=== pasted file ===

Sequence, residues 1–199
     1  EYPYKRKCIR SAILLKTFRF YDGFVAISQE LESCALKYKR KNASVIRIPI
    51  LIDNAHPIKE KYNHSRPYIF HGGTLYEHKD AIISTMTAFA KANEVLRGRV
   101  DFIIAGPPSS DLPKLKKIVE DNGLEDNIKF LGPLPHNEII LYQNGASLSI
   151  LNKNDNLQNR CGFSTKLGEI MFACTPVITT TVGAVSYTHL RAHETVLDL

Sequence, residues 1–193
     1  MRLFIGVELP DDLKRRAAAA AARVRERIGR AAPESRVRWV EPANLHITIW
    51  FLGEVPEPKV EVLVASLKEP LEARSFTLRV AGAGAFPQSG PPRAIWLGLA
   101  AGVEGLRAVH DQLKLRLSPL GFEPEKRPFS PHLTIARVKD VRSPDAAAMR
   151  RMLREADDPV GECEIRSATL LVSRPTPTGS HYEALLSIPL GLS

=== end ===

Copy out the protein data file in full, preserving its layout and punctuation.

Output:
Sequence, residues 1–199
     1  EYPYKRKCIR SAILLKTFRF YDGFVAISQE LESCALKYKR KNASVIRIPI
    51  LIDNAHPIKE KYNHSRPYIF HGGTLYEHKD AIISTMTAFA KANEVLRGRV
   101  DFIIAGPPSS DLPKLKKIVE DNGLEDNIKF LGPLPHNEII LYQNGASLSI
   151  LNKNDNLQNR CGFSTKLGEI MFACTPVITT TVGAVSYTHL RAHETVLDL

Sequence, residues 1–193
     1  MRLFIGVELP DDLKRRAAAA AARVRERIGR AAPESRVRWV EPANLHITIW
    51  FLGEVPEPKV EVLVASLKEP LEARSFTLRV AGAGAFPQSG PPRAIWLGLA
   101  AGVEGLRAVH DQLKLRLSPL GFEPEKRPFS PHLTIARVKD VRSPDAAAMR
   151  RMLREADDPV GECEIRSATL LVSRPTPTGS HYEALLSIPL GLS